Mayor: It’s important we remember history of Juneteenth celebration
Published 5:10 pm Monday, June 14, 2021
NATCHEZ — The late Rev. Kevin Deason was not the first among groups to help host a Juneteenth festival in Natchez, but he was the first to introduce Natchez Mayor Dan Gibson to the annual holiday, Gibson said.
Gibson said he was contacted by a number of residents in Natchez after his weekly newspaper column was published in The Natchez Democrat on Friday. In the column, Gibson said he was first introduced to the Natchez Juneteenth celebration by his good friend Deason. However, some interpreted his comments to mean Gibson was crediting Deason with beginning the celebration in Natchez. That is not the case. Natchez’s modern Juneteenth celebration can be traced back at least 26 years.
Juneteenth, which is said to be one of the longest running African American holidays, dates back to the emancipation of enslaved people in the United States.
In Sept. 22, 1862, President Abraham Lincoln issued the Emancipation Proclamation that would ensure that all who were enslaved would someday be free. However, the proclamation would not reach many in the southern states until after the Civil War.
Juneteenth is celebrated on the anniversary of June 19, 1865, when Union Major General Gordon Granger stood at the corners of Strand Street and 22nd Street in Galveston, Texas, and read General Order No. 3 proclaiming all enslaved people of Texas to be free.
To many African Americans, Juneteenth is considered to be Independence Day — a day of freedom. It is now widely celebrated across the nation.
By 1995, this celebration reached Natchez and included a libation ceremony at the Forks of the Road site led by Ser Seshs Ab Heter C.M. Boxley, who at the time was a resident of California.
The festivities grew and later included historical reenactments and family activities.
A 2001 Natchez Democrat article reported more than 500 people gathered on a hot Saturday afternoon for the seventh annual Juneteenth celebration, at which speaker Marquetta Goodwine “told of ancestors who had to walk the grounds of houses like Melrose with 100-pound sacks of cotton on their backs.”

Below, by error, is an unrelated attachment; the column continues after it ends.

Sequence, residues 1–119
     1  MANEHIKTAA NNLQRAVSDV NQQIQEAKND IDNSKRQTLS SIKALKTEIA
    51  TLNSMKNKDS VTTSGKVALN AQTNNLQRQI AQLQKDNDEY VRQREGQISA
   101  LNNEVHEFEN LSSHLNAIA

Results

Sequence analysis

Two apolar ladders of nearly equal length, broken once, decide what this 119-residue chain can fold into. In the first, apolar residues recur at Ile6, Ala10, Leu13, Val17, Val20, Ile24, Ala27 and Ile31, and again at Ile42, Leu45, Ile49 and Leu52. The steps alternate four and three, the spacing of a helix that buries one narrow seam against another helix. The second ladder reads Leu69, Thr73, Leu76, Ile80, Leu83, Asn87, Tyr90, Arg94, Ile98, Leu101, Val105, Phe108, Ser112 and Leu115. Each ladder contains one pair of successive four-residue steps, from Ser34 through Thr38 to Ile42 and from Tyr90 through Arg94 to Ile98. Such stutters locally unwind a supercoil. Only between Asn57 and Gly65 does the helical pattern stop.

When asked why Juneteenth was celebrated in 2001, Goodwine said, “It’s because you don’t have a future without a past. Children must know, and in order for them to know we’ve got to teach them.”
In 2018, Deason, the late pastor of New Direction Outreach Ministries, and a group of community sponsors built upon the Juneteenth celebration with a multi-day festival, inviting people of all ages and races to join.
Deason died in November of the following year and Gibson acknowledged Deason’s effort in a Top of the Morning article he wrote for The Natchez Democrat last week.
“Being from Texas, Kevin knew the importance of Juneteenth, and his passion to see it properly observed in Natchez is being lived out today,” Gibson states in the article.
While Deason is not credited for initiating the first Natchez Juneteenth festival, Gibson said Deason was his dear friend, pastor of the church where Gibson served as associate pastor and the first to teach him about Juneteenth and its origin.
“It is important that we know the full history and those who’ve been behind it over the years are acknowledged for their important work in bringing this holiday forward,” Gibson said. “I will forever be grateful for my friendship with Kevin Deason. … From him I learned the significance of Juneteenth being a celebration for all people. … Freedom finally became possible for everyone and not just a few. That is why we celebrate it.”
The 2021 Juneteenth celebration includes a week-long list of events put on by various groups and organizations, beginning with the celebration of the Natchez-Adams Annual Day of Unity on Monday. It begins with the ringing of church throughout the city followed a ceremony at the Natchez Convention Center.
The Day of Unity was established last year by a proclamation by former Natchez Mayor Darryl Grennell and the Board of Aldermen in response to the killing of George Floyd in Minneapolis and national outrage over police brutality and racial inequities in law enforcement.